“We could play every night of the week, but a lot were dives. We’d play at Checkers in Sydney for five hours and get paid $100 – not each. We needed the $100 to pay for the accommodation in Cockroach Mansion in Neutral Bay a day later.
“It was always an absolute roller-coaster in those days. Yeah, we had some real tough times, but we also had some absolute highs.
“Through 1974-78 trying to get somewhere was such a short time, but to us it was an eternity. Meeting AC/DC in ’75 and while doing three gigs with them in Port Pirie, Whyalla and Port Augusta they saw something in us.
“They went back to Sydney and told Harry Vander and George Young (songwriters/producers) about us, and they gave us a contract. We thought we had made it. We moved to Sydney and we thought everything would fall at our feet, but of course it didn’t. It took years.
“Arguably, as The Angels our most famous song is Am I Gonna See Your Face Again, but it was a flop at the time. It did nothing. It was not until my brother wrote Take a Long Line that we became successful in ’78.
“Yet, we had to still work every night of the week. We had an old VH Holden station wagon that I sold to the band for four hundred. That car did at least 100,000 miles, yes miles because it was that old.
“We’d do a gig in Melbourne and drive overnight to Sydney dodging thousands of trucks along the way. Cold Chisel will tell you the same story. Being so tall, Doc Neeson was so uncomfortable in the back seat that he’d ride in the boot and bang on the metal every now and then to tell us he hadn’t died from the exhaust fumes.
“Being young and burning the candle at both ends and surviving was incredible. It wasn’t always fun, but we made it seem like that.”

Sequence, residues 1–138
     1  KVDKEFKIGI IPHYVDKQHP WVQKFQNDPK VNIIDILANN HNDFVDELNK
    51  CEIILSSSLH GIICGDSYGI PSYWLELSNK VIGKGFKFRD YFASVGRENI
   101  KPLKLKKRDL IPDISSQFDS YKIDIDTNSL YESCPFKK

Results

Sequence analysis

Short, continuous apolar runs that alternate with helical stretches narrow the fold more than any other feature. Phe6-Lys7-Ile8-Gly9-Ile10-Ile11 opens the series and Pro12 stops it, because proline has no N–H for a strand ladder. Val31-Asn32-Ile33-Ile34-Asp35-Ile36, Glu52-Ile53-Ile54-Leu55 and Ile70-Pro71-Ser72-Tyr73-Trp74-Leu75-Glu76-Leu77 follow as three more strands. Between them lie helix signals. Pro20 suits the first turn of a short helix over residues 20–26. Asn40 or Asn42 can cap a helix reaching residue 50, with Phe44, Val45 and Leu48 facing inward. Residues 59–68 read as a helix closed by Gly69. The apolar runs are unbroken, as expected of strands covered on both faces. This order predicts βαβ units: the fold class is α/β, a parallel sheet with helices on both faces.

John said the highs of the industry were illustrated in 1980 when they performed at The Marquee Club in London. “We were standing on the same stage as the Rolling Stones, Jimmy Hendrix, and The Beatles had performed,” he said. “It was amazing. We looked at each other and said, here we are.
“Playing any gig with AC/DC was a highlight. We did a lot with them in the Bon Scott days and later with Brian Johnson.
“We toured with David Bowie; it was incredible that he chose our band because he liked our music… we did the Bondi Lifesaving Club one night and he and his whole band came along to our gig. We couldn’t believe it. That was massive.”
But 1980 brought its lows. The band’s truck stolen in Chicago. “Rick and I lost guitars that we still miss today,” John said. “We had a second truck stolen in Hollywood in 1985, our last run of touring full-on overseas.
“It has been an amazing career. When you do a show the relationship with you and the audience is absolutely amazing. You’re on cloud nine.
“People probably think that being in a rock band when the show finishes that’s when the party starts, but it’s not that way at all now. The dressing room is boring, particularly for Rick and me being the age we are.
“The thing is, the family thing to me is now the big deal, playing music with my brother, playing music with my son Sam, a bass player. That’s special; a son and a brother in the band with me.
“My brother is amazing. My three sons – Sam, Tom and Harry – are all terrific musicians and play on stage with Rick and me sometimes. Rick’s young son, who is only 14, got on stage and played Take a Long Line with us before 5000 people and was note perfect. He was brilliant.”